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Agricultural altitude Amygdalacese apex arrobas per caballerla bark beneath Bergamot orange berries Black sapote Botanic Garden bracts branches branchlets British Isles brown bush calyx Canary Islands cherimoya cherry China Chinese Collected color corymbs cotoneasters cultivated deciduous deciduous shrub diameter Distribution.—A downy erect evergreen F. N. Meyer Fabacese feet high flower stalks Flowers white fruit glabrous green growing grown habit hairy Hsiku inch wide India introduced introduction and description Ipomoea batatas Japan Juglans regia Kansu lanceolate Lathyrus leaflets leaves lobes mountain oblong obovate one-fourth inch one-half inch long ornamental oval ovate panicles peach pear petals Poacese previous introduction Prunus purple Quoted notes racemes Received February Received January Received March reddish rounded shaped Shrubs Hardy slender small tree smooth South Wales species stamens Station stems sugar-apple tall tapering toothed Trees and Shrubs twigs variety W. J. Bean western China wild Wilson yellow Yielding young shoots
Page 19 - Meyer, an agricultural explorer of the Office of Foreign Seed and Plant Introduction of the United States Department of Agriculture.
Page 25 - The figs of the third generation are larger, of an agreeable taste, and sweet-- cented : hut they are not operated upon, only because in August and September, though the trees are much fuller of fruit than in May and June, the people have so much to do at that time. They are seldom sold, and only eaten by the owners of the trees, or else they are abandoned to the field-mice, birds, and dogs, which latter are very fond of them. These nilg fruits are full of sycophaga.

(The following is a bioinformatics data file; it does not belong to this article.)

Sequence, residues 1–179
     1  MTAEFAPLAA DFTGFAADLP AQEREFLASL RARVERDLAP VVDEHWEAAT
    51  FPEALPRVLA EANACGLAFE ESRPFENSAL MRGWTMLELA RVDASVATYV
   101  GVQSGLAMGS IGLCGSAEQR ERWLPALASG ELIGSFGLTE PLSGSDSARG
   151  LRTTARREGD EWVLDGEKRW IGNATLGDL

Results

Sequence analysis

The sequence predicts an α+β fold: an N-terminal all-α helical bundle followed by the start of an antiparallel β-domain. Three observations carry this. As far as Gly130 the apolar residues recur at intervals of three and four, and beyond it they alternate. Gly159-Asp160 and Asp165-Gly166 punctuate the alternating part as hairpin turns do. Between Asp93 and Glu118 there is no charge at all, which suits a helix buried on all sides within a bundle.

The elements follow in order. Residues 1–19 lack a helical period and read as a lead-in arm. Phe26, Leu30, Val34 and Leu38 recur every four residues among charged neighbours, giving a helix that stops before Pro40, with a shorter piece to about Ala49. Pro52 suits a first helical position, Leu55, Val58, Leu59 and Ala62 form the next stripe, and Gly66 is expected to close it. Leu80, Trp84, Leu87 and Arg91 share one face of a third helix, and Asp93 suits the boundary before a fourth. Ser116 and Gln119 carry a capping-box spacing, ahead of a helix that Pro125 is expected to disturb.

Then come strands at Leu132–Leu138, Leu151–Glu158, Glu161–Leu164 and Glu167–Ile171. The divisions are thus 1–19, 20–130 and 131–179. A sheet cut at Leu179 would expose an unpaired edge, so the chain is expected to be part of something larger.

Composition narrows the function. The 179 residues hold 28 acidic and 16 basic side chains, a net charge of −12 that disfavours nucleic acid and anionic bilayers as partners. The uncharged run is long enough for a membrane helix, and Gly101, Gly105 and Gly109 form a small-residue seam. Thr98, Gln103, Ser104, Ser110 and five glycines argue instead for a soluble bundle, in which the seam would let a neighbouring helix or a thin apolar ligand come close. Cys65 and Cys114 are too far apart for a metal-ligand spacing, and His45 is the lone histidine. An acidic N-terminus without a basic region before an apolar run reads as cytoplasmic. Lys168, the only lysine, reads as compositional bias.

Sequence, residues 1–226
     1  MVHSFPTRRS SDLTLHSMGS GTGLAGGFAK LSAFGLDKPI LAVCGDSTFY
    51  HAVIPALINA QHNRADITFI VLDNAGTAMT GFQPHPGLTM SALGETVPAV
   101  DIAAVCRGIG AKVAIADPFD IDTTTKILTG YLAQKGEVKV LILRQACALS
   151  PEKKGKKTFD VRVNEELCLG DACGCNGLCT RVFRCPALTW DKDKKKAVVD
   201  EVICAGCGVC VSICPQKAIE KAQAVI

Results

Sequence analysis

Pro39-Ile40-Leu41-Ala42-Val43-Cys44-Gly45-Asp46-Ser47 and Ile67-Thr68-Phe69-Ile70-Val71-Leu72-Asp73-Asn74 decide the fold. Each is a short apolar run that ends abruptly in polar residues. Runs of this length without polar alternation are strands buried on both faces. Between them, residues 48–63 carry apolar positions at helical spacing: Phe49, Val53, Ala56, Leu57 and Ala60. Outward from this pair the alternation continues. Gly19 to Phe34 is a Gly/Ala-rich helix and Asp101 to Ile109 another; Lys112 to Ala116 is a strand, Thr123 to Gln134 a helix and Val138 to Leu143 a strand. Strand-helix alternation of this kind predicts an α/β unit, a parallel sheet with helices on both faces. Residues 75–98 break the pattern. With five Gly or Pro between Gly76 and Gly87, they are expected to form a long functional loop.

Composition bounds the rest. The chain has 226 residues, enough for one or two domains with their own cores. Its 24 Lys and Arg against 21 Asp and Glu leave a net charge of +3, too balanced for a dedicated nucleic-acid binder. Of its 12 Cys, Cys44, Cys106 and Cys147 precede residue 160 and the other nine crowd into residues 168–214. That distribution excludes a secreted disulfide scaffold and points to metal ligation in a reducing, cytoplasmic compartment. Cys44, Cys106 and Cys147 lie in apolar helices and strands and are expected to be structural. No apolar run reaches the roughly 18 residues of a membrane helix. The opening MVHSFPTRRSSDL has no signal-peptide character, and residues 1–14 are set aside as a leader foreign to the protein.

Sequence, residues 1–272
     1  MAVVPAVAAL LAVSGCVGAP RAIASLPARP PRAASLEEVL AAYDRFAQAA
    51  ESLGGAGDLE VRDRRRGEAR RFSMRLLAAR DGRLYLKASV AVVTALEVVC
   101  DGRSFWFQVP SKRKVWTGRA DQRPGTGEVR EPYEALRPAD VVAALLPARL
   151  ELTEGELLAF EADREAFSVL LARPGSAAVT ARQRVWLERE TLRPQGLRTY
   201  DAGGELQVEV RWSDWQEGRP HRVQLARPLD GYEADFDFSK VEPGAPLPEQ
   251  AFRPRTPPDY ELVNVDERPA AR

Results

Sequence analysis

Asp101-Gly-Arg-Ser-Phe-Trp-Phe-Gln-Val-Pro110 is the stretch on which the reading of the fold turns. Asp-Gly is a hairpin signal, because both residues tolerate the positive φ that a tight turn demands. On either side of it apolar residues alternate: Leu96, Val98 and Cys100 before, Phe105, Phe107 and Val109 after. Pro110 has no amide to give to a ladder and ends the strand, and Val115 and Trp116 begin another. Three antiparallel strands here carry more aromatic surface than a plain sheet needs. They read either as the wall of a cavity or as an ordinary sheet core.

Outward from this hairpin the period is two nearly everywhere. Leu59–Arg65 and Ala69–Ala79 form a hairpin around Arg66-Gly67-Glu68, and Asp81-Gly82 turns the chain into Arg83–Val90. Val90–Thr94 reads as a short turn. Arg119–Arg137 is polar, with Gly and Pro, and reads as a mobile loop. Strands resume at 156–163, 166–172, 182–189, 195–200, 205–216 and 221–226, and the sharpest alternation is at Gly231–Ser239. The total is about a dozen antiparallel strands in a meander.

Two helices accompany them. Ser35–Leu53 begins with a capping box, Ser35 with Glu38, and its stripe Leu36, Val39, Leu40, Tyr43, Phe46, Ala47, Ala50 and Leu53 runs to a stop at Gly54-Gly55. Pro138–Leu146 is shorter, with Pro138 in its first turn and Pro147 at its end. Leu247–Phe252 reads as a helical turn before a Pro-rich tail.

Page 11 - ... and 190 pounds. More recent tests, however, place it below hemp in strength, but above it in elasticity. The fiber is much used for making nets, and is not liable to injury by being kept in water.
Page 9 - David Fairchild, agricultural explorer in charge, Office of Foreign Seed and Plant Introduction, United States Bureau of Plant Industry, Washington, DC Ross G. Harrison, Bronson professor of comparative anatomy, and director, Osborn Zoological Laboratory, Yale University, New Haven, Conn.
Page 37 - Is of high decorative value; it can be employed especially near houses and low walls, and may succeed in sections of the United States where the winters are not too severe, like Long Island, for instance.
Page 109 - In an unripe state the fruit contains a sticky white latex, but when fully matured the white, transparent, jelly-like substance surrounding the seed is sweet and agreeable. The fruit when cut across presents a stellate form, the cells with their white edible contents radiating from the central axis; hence the name "star-apple.
Page 77 - Bitton, but its introduction is unrecorded. It is perfectly hardy and bears fruit freely, but this does not ripen always out of doors. Although not in any way showy, its habit is quaint, and the huge fruits stuck close 40139 to 40201— Continued. to the branches have a curious and interesting appearance. Increased by seeds.
Page 72 - A very beautiful and distinct little species." It was found in the Sikkim Himalaya, at an elevation of 12,000 to 13,000 feet, where it forms a low bush, three feet high, " with spreading branches thickly covered with small leaves of a deep green hue, and polished above, snowy white and glaucous below ; these colors, the large oblong scarlet berries, and red branchlets giving the shrub a singularly neat and pretty appearance when in fruit.
Page 84 - Except in these respects the two differ but little. Native of Japan; introduced to Kew from the Arnold Arboretum in 1895, as E. macroptcrus • it has borne fruit for several years past, and promises to be as handsome as latifolius.